tuque /tūk/ n Canadian English, var. toque [19th c. Canadian French, from the French toque, from the Basque tauka] 1 A close-fitting knitted cap, often with a long tapering end or tassel or pompom. 2 fig Something quintessentially Canadian.
souq /sūk/ n from the Arabic سوق var. souk 1 An open-air marketplace. 2 fig A central meeting place for the circulation of news and ideas.

Tuesday, March 23, 2010

Half a Lakh down and a Crore to go

A month ago, if you’d told me that India has 120 crore people, I might have replied along the lines of, “I’ll be sure to check them out, although if there are only 120 of them in a country of a billion people, I can’t promise you I’ll find one.”

If you’d then told me that India has about 50 lakh rickshaws on its roads, I certainly would have struggled to decipher this mysterious statement, searched for clues in the tone of your voice, called upon the sincerest tone of my voice to mask my ignorance, and concluded that a lakh rickshaw, due to its apparent rarity, must be an air-conditioned sort.

After this, perhaps I would have read in a local newspaper (as I did last week) that over the next 10 years the infrastructure of India’s national power system will need 20 lakh crore rupees’ worth of upgrades in order to provide continuous electricity to all of the country’s inhabitants and institutions.

Ergo, I’d have thought, the monetary equivalent of 20 air-conditioned rickshaws from the crore people will solve this problem. (Nice try.)

A month ago, almost everything I knew about India was contained in the remnants of my grade-eleven world-history class (that paragraph on the Indus and Ganges river valley civilizations 4000 years ago; the menu at Jodhpur Club in Toronto’s Baldwin Village; and Slumdog Millionaire.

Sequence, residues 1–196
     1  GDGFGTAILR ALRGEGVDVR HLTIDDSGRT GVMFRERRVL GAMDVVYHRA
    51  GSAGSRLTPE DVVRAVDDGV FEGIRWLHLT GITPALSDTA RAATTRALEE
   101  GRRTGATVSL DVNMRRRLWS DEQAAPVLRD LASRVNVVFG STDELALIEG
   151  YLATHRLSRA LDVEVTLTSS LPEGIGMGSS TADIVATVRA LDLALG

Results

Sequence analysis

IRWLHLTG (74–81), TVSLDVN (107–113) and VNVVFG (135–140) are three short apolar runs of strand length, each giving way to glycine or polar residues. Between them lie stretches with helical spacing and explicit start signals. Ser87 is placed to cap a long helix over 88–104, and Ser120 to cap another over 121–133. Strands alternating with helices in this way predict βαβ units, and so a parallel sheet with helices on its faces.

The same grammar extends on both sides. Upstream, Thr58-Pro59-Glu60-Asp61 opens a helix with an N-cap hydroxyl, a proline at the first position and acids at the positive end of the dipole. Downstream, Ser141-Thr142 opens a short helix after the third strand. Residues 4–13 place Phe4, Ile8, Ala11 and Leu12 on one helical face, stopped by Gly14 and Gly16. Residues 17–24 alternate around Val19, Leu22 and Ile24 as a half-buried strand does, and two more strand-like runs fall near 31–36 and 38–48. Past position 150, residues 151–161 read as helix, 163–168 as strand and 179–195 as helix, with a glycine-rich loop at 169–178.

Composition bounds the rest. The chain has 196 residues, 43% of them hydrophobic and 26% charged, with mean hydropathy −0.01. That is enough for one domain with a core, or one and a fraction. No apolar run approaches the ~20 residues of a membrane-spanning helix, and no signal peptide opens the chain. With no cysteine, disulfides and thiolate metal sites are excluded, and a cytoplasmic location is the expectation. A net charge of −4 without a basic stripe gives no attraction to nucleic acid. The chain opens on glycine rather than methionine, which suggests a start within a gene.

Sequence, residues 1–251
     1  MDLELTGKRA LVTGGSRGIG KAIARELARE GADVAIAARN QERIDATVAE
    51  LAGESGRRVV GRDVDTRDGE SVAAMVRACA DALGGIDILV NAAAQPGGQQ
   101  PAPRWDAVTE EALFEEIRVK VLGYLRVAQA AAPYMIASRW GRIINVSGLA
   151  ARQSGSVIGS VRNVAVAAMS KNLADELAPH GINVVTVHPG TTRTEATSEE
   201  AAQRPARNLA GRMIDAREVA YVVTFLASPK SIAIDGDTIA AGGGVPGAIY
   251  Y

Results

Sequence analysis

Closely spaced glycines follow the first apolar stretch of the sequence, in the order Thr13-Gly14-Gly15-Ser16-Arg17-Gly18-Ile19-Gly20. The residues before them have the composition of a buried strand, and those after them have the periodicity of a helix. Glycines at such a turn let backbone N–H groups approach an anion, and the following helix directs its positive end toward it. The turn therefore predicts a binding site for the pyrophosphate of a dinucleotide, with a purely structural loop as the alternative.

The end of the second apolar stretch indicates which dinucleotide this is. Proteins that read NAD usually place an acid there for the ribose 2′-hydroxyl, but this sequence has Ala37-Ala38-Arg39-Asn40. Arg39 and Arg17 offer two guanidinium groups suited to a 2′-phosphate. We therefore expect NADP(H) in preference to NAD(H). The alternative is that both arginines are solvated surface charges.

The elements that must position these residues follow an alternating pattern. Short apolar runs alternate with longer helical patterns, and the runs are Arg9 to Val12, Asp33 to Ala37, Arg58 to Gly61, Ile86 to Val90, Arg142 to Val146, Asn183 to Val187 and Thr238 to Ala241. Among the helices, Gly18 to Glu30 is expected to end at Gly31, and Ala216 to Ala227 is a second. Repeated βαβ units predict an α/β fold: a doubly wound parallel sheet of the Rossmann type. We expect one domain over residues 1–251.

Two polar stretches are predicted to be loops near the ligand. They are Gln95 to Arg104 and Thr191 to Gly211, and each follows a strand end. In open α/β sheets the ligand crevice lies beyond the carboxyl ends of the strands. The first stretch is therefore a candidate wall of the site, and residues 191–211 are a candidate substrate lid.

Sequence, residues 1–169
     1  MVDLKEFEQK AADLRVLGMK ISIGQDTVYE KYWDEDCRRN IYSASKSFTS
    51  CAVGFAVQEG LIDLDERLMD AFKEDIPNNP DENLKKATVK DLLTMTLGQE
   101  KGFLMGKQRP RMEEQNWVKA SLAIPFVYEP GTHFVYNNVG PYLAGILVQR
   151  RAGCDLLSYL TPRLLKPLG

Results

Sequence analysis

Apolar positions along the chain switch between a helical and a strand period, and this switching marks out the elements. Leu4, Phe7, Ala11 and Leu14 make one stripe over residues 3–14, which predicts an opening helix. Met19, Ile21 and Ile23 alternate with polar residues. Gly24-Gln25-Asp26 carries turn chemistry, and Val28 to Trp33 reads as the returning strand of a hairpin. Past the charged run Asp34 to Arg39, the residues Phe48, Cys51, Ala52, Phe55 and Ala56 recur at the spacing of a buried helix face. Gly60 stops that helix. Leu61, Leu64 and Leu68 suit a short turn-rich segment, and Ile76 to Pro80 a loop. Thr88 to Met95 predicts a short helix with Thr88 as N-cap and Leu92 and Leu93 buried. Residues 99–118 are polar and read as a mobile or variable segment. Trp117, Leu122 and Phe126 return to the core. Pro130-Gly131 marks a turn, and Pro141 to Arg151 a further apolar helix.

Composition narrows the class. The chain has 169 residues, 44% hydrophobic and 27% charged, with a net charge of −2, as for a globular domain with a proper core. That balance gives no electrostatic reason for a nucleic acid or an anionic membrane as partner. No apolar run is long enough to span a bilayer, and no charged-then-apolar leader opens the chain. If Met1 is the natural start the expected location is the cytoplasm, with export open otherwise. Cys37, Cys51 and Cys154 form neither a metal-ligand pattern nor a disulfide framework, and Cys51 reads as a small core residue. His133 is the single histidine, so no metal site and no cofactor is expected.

I didn't even make it all the way through Gandhi.

Having suffered through two university degrees, the Arabic and French languages, Proust, and an absurd amount of sports trivia, my brain has effectively reset itself to a flashing 12:00. I’m like a baby. Or a half-blind old man. I’m a half-blind old baby. I don't know anything, and what little I can see I can barely make sense of.

(Also, have I mentioned that it’s 20 lakh crore degrees Celsius here and my brain actually may have melted?)

Well it turns out that a lakh is equal to 100,000 and a crore is 10,000,000. India’s numerology takes a few deviations from standard base-ten.

Here, you might see the number 50,00,000, which is 50 lakh or 5 million or the number of rickshaws in India.* 1 lakh is 1,00,000 and 99 lakh is 99,00,000, but once you get above 99 lakh you’ve hit a crore.

120 crore is 1,20,00,00,000 or 120-ten-millions or 1.2 billion or the number of people in India. It’s also equal to 12,000 lakh, but you wouldn’t say that.

And finally, 20 lakh crore rupees is 20,00,000 crore or 2,00,00,00,00,00,000 or 20 trillion rupees or (with the current conversion rate of about 44 rupees to the Canadian dollar) about $455 billion.

Everyone got that?

* This figure has not been fact-checked; in three weeks I’ve only seen half-a-lakh rickshaws.

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